Who: Aisha, the niqabi with beautiful eyes in Ayat-ayat cinta (2008) and Anna Althafunnisa, the studious Al-Azhar graduate in Ketika cinta bertasbih (When love is an act of devotion, 2009).

In most romantic dramas, we have the impossibly perfect female lead, which I will designate as “the ideal.” She is fresh in her twenties, conventionally beautiful, highly educated, adored by everyone, but rather boring. They are also the object of affection of equally religious and educated men. There is nothing to suggest that “the ideal” lacks in any way, although they briefly encounter conflict and anguish (polygamy in Ayat-ayat cinta, and AIDS in Ketika cinta bertasbih), which they will triumph over with the convenient help of their love interest.

The divorcee

Who: Anissa in Perempuan berkalung sorban (The woman in the headscarf, 2008) and Anna Althafunnisa in Ketika cinta bertasbih (2009)

Divorce is treated with sensitivity in film religi, but the implicit message that it is far from desirable, and only necessary under very extreme circumstances—like domestic abuse in Perempuan berkalung sorban, or a husband suffering from AIDS in Ketika cinta bertasbih. Although AIDS is treated as a marital disaster of gargantuan proportions, what is striking about the issue of divorce in film religi is it is initiated by the female lead, who successfully sets the terms in the relationship—particularly Anna in Ketika cinta bertasbih, who imposes a ban on her husband-to-be from taking another wife during their marriage.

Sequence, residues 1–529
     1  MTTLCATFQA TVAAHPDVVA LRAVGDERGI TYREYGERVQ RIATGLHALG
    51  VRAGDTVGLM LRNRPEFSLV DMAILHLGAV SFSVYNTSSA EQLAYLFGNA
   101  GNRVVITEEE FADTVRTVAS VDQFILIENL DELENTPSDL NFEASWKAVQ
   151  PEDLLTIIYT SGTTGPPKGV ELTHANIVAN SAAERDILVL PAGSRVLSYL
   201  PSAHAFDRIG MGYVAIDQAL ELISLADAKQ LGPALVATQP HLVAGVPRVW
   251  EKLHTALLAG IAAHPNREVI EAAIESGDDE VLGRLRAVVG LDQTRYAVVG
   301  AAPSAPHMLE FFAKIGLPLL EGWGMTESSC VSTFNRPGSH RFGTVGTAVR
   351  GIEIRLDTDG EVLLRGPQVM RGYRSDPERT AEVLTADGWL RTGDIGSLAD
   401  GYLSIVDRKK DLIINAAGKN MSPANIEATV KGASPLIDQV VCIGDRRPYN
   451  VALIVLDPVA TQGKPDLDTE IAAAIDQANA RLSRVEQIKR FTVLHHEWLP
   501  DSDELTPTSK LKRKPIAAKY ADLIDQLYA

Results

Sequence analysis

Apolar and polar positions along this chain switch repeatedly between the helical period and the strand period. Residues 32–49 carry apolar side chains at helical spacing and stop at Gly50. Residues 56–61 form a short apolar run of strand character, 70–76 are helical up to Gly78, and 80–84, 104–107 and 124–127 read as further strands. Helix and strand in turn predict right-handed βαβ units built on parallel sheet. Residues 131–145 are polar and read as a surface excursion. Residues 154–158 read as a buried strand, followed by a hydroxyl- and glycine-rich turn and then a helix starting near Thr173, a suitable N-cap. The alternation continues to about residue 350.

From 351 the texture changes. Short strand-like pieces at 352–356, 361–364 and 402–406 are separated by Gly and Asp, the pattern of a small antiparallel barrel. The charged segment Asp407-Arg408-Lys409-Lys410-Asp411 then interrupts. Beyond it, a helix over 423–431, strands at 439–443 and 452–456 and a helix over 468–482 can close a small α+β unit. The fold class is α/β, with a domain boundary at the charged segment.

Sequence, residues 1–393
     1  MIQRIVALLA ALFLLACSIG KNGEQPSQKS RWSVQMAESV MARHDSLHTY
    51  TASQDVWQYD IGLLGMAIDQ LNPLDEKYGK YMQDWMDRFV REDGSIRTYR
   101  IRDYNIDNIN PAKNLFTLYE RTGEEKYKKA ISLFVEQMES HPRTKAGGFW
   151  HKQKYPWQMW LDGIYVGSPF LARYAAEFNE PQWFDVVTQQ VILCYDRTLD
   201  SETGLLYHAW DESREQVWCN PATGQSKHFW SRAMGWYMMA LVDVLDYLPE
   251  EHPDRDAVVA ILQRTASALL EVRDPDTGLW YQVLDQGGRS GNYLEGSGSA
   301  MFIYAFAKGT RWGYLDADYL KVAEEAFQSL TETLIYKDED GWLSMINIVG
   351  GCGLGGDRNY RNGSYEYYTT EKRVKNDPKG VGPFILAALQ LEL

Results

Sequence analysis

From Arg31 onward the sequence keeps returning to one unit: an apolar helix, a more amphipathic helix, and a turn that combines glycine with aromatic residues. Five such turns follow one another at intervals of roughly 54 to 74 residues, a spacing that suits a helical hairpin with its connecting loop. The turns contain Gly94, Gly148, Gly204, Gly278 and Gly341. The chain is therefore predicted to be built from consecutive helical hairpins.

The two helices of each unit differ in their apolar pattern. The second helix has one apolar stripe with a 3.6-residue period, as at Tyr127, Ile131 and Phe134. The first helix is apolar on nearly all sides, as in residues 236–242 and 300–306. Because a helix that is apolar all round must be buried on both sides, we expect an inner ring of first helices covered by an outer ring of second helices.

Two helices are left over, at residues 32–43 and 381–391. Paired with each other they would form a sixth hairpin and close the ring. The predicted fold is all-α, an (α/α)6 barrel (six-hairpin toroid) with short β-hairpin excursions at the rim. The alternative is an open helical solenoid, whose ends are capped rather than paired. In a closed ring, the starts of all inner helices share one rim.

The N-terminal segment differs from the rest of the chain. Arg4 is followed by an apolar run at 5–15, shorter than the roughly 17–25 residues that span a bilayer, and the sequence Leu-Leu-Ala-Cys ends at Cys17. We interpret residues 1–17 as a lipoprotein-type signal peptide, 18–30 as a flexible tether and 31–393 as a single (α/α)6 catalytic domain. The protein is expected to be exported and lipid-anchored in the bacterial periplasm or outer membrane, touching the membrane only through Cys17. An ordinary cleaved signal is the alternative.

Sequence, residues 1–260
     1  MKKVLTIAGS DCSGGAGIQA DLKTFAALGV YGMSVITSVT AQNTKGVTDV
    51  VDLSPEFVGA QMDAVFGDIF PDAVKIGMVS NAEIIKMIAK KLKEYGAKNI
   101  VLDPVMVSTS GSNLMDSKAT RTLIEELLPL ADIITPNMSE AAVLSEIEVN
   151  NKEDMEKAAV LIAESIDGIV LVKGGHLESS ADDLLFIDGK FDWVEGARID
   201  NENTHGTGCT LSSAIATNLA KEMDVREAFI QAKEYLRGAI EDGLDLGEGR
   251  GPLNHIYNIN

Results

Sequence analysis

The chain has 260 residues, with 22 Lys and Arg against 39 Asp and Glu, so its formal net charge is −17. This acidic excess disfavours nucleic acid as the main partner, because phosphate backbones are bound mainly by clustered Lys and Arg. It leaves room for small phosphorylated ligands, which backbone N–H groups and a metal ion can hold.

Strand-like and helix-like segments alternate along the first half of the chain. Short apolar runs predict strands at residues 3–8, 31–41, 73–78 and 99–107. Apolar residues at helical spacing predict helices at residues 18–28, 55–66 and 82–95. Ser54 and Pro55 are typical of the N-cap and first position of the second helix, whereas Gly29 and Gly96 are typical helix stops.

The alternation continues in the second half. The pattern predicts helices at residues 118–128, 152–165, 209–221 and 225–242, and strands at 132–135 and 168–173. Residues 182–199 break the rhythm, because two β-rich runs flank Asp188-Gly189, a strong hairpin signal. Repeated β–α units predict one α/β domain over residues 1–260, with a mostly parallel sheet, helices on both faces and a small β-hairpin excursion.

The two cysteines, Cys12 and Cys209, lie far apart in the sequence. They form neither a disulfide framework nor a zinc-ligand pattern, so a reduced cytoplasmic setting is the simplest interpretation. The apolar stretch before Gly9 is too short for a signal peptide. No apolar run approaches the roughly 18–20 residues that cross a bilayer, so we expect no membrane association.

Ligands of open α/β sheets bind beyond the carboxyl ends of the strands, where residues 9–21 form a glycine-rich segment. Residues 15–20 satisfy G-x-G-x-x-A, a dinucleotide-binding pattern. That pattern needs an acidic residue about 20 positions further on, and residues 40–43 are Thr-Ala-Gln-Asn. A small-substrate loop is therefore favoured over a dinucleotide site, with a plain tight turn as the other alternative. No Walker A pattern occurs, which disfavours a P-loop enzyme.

The tease

Who: Dona Satelit in 3 Doa 3 Cinta (3 prayers 3 loves, 2008) and Eliana in Ketika cinta bertasbih (2009)

The “tease” in film religi does not serve much of a purpose, except as cinematic eye-candy or the object of temptation that the male lead uses to prove his religiosity and moral restraint. Prime examples of “the tease” appear in 3 doa 3 cinta and Ketika cinta bertasbih. They are never contenders in the competition for the male lead’s heart and are often sidelined when the “real” romance between the religious couple develops. Sometimes they “see the light” and don the jilbab, as in Ketika cinta bertasbih. Or, as in 3 Doa 3 cinta, “the tease” continues unreprimanded and bumps and grinds on stage to the hugely popular dangdut music.